Welcome to Watches You Should Know, a biweekly column highlighting important or little-known watches with interesting backstories and unexpected influence. This week: the Tissot Antimagnétique.
If your otherwise trusty mechanical watch isn’t running quite right, it may be the victim of an invisible enemy. No, not Covid-19, but rather: magnetism. It’s all around us and has presented a challenge to watchmakers for ages, the solution to which is the antimagnetic watch movement. And despite the existence of more prominent examples of antimagnetic watches from prestigious companies like Rolex and Omega, a humbler timepiece called the Tissot Antimagnétique predated them by decades.
What’s the big deal about magnetic fields we can’t even readily detect and their effects on watches? While antimagnetic properties might not sound as exciting as hardcore water resistance or exotic case materials, it’s important stuff to consider. At least, it’s important if you want your watch to keep accurate time. But it’s also interesting to note that watchmakers were aware of and addressing the problem of magnetic fields well before electric devices that generate them were even common in society, as they are today.
When Tissot introduced its Antimagnétique in 1930, an antimagnetic pocket watch by Vacheron Constantin was already 15 years old — and research and experiments relating to anti-magnetism in watchmaking are recorded as early as 1846. And while it’s common for technology to have first been introduced in pocket watches before finding its way into the smaller movements of wristwatches, Tissot’s claimed its Antimagnétique specifically as the first antimagnetic wristwatch, which was significant.
Detailed technical information on the Antimagnétique is scarce, but Tissot appears to have used a similar solution to anti-magnetism as Vacheron Constantin. It’s magnetization of the regulating mechanism — and especially the delicate balance spring — in watch movements that causes problems (learn more about it here and how to fix it yourself here). Some materials hold a magnetic charge more than others or not at all, and a 19th-century watchmaker intending to address the effects of temperature on balance springs discovered that palladium was also highly antimagnetic.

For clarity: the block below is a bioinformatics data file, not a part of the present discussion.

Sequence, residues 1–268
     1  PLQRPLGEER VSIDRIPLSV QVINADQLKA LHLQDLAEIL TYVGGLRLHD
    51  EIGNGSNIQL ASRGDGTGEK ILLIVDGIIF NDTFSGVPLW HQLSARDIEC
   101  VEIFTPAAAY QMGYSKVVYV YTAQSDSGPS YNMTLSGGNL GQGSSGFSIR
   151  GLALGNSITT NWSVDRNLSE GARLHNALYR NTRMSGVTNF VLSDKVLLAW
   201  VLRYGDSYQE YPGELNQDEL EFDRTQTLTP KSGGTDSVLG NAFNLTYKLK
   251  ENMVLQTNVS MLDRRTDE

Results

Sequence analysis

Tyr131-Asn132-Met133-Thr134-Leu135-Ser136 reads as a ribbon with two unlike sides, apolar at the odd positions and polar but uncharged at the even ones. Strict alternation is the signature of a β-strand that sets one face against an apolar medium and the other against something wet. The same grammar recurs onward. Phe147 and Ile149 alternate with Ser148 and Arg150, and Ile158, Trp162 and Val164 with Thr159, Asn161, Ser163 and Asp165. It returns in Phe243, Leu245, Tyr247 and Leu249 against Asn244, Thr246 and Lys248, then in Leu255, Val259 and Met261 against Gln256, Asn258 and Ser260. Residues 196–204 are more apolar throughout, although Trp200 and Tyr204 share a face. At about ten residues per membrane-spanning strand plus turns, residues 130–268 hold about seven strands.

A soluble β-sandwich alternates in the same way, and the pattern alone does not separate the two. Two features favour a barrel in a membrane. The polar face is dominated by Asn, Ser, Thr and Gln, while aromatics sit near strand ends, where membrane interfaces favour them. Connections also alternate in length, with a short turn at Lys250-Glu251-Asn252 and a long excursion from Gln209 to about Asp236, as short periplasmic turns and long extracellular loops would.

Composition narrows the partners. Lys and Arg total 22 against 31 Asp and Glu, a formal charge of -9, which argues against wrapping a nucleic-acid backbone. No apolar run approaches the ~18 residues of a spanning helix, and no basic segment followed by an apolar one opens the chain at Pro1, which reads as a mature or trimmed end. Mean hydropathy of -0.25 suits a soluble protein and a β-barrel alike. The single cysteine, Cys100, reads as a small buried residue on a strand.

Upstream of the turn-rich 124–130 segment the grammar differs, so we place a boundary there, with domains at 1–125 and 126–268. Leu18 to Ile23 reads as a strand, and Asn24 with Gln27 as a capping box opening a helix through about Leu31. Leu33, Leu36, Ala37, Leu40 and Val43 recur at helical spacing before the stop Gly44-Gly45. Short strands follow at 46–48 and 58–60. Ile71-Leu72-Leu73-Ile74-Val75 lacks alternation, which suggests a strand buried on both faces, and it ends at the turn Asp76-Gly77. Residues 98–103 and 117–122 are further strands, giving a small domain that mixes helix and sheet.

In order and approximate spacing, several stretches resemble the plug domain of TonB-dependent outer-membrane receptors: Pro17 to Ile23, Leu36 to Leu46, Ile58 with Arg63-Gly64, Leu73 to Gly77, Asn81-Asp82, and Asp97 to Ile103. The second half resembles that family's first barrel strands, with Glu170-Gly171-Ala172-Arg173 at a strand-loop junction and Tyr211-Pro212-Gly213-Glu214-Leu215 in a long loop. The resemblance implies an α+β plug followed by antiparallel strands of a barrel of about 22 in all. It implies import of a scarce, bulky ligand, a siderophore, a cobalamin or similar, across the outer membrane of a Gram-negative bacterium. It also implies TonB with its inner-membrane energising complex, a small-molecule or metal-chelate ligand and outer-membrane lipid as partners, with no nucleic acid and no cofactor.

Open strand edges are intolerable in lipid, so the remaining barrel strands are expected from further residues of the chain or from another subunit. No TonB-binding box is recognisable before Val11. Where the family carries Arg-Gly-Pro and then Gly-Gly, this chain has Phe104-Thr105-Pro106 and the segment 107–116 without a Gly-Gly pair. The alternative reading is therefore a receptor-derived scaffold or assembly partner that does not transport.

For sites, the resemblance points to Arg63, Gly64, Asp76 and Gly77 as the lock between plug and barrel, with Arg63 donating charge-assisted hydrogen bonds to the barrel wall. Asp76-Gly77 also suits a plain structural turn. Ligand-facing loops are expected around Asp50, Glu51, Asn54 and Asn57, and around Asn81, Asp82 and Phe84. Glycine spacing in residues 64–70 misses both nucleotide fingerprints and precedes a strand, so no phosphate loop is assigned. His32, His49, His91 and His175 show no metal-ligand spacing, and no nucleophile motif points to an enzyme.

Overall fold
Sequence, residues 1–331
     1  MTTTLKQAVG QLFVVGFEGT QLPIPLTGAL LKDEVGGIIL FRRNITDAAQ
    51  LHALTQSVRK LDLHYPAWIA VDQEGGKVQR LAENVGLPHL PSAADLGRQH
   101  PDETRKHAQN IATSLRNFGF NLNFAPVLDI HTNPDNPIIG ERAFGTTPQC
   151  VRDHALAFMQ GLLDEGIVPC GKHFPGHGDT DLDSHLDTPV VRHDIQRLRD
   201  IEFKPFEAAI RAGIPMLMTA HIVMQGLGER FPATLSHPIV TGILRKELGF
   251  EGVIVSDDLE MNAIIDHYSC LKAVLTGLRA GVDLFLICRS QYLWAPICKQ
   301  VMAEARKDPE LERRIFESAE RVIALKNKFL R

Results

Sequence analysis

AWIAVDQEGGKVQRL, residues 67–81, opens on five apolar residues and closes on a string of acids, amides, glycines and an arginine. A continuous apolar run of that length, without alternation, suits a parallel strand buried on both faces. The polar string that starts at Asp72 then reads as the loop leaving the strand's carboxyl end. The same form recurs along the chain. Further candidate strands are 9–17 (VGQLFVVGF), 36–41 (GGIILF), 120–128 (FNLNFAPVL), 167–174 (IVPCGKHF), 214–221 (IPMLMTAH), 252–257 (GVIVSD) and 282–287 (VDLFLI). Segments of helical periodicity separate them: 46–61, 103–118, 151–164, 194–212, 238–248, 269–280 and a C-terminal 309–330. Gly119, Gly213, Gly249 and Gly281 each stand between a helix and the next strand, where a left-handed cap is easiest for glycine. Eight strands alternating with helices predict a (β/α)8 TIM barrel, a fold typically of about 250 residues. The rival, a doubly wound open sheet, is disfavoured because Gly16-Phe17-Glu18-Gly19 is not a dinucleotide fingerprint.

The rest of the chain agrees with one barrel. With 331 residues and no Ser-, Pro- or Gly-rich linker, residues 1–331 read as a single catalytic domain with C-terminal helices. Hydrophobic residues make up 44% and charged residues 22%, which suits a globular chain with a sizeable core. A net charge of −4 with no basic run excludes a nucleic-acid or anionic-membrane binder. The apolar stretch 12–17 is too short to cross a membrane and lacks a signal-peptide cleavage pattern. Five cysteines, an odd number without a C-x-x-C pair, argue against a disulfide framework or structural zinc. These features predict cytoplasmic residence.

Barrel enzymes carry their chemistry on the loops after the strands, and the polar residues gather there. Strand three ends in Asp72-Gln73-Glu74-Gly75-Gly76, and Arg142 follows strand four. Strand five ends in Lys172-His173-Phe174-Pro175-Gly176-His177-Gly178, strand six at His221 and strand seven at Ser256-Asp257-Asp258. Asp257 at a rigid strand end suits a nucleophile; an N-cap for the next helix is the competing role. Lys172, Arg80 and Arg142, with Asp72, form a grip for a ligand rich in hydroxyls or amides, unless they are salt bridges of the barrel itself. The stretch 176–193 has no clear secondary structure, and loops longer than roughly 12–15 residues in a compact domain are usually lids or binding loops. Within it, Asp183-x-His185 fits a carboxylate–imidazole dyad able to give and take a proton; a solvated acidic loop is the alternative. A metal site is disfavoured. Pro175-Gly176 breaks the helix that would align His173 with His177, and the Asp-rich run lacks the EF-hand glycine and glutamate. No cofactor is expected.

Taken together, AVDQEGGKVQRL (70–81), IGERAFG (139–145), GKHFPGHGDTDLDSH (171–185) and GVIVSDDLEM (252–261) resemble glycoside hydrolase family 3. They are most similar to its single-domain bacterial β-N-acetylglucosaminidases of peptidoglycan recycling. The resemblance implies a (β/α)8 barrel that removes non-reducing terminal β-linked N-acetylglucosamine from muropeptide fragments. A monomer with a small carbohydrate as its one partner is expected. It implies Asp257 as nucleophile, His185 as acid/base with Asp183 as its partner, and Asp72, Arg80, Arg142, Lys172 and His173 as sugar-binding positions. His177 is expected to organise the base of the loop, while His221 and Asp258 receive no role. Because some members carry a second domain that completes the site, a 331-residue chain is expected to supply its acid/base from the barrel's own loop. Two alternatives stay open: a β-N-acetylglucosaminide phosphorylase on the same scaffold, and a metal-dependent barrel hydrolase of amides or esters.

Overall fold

It seems that using a palladium alloy in the watch movement did the trick both for Vacheron and Tissot. The brand’s materials don’t say precisely how many gauss the movements could withstand — but they do note that the magnetic resistance of Tissot’s watches was “corroborated by numerous scientific studies commissioned to the Swiss laboratory for watchmaking research of Neuchâtel, an independent body.” The brand further installed “chrono-electromagnet” testing equipment in its own facilities.
Now considered “collectible,” there were many watches that carried Tissot’s Antimagnétique label (in its distinctive Art Deco font) on the dial between 1930 and the 1950s. In fact, the technology was “gradually applied to the whole Tissot collection,” according to the brand. The very earliest examples were rectangular or tonneau-shaped, and the round models that are more familiar and palatable for today’s tastes came later.
Resistance to magnetization was later important for WWII pilots who needed highly accurate watches that could operate in the significant magnetic fields generated by aircraft. Later, watches of the 1950s such as the Rolex Milgauss were aimed at scientists and engineers who worked with high-tech equipment, and they used a different approach to anti-magnetism: a Faraday Cage around the movement, which protected the entire apparatus.
Even today, when a mechanical watch goes in for routine servicing, one of the first things the watchmaker does is test it for magnetization. Improving watches’ resistance to magnetism continues to drive horological innovation, but the material leading the way is now silicon — used for the balance spring of some modern watches from Tissot and its Swatch Group sibling brands. Not only are the Tissot Antimagnétique watches historically significant and available in a wide range of iterations with different looks, but they’re relatively affordable and available to collect — inexpensive tokens of the co-progress of horology and science.